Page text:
GØGGS nearly burned down The Echo in a true, smash-n-grab affair." /> L.A. Record


March 19th, 2017 | Photos

GØGGS @ The Echo, LA - 03/17/2017 Photos by Maximilian Ho Recap by Kyle Smith

Playing to a well-lubricated St. Patrick’s Day crowd, GØGGS nearly burned down The Echo in a true, smash-n-grab affair. GØGGS is garage punk on steroids, a fuzzy blur of what it probably sounds like to get socked in the face. Chris Shaw (Ex-Cult) led this assault, frequently singing with an arched back to match the posture of his mate Ty Segall, and at one point launching himself into the crowd – with the mic – to belt it out on his back.

Stage diving was the usual theme. The narrow Echo’s tiny stage doesn’t offer much of a runway, so those who chose to partake were literally in and among the four-man thrash before taking flight onto the elbows-out crowd. This particular charge was led by one maniacal woman, a proud repeat offender, and eventually led to as many bodies being tossed on to the stage as were flung off of it.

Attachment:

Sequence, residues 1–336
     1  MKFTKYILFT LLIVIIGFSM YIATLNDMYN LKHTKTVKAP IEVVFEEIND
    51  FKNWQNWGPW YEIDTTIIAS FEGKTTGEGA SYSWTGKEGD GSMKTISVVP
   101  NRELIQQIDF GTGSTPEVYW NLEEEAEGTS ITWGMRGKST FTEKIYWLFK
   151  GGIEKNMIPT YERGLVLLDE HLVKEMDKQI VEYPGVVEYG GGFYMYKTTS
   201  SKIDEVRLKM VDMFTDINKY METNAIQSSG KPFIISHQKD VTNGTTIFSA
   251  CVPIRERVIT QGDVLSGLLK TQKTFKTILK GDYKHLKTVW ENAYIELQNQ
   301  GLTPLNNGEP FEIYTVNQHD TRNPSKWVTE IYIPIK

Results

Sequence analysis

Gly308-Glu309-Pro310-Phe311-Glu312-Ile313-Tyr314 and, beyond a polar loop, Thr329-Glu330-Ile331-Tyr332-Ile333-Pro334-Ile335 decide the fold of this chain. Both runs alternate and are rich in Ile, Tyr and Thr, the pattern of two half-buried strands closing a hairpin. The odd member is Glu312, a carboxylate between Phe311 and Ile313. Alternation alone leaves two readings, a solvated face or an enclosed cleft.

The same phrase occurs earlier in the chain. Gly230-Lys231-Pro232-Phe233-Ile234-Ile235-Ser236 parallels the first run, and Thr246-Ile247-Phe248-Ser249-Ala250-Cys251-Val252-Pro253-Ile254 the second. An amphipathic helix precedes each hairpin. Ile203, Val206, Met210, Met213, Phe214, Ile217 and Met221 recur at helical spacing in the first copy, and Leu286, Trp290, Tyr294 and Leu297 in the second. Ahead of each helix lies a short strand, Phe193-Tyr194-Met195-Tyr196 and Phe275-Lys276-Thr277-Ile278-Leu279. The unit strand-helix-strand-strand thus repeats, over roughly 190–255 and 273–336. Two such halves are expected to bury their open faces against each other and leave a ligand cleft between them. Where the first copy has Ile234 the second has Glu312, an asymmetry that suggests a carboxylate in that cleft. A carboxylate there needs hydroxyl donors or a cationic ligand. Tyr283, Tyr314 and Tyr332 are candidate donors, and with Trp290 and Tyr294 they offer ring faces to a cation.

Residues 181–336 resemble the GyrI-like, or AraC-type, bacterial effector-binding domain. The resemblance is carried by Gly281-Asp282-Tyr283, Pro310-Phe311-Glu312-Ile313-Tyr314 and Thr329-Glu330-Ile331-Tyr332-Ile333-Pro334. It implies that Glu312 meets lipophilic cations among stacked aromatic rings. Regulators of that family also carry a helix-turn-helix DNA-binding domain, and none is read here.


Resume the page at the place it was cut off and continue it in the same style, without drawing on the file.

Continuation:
The urgent, bare bones performance barely eclipsed the time it would take you to watch a sitcom, yet managed to compress all of the action that one might experience in a 60 or 90 minute set in to that half hour. Of the ten songs on their 2016 self-titled debut, they played all but one (the excellent “Final Notice” was swapped out for unreleased track, “Pre Strike Sweep”).

GØGGS @ The Echo, LA - 03/17/2017

Mid-set notables included the offbeat “Assassinate the Doctor,” and the unforgettably titled “Smoke the Würm.” Segall, wearing one of his many musical hats as part of GØGGS, eviscerated one song after the next, his frenetic riffing insistent and piercing.

Segall cobbled together ascending and descending lines that evoked a walk up and down a staircase on “GØGGS,” and played with the neck of his guitar perfectly perpendicular to the stage on the set closing “Glendale Junkyard.”

With the house lights turned on and the blitzkrieg dust not yet settled, the DIY label on Charles Moorhart’s kick drum became legible. With makeshift reflector stickers, it spelled “FREEDOM,” an apt banner for GØGGS’ ethos. Meanwhile, Segall humbly returned to pack up his gear in a mild manner that belied everything that just happened.

Flat Worms, Warm Drag (both LA-based), and Oakland’s Naked Lights set the table for GØGGS.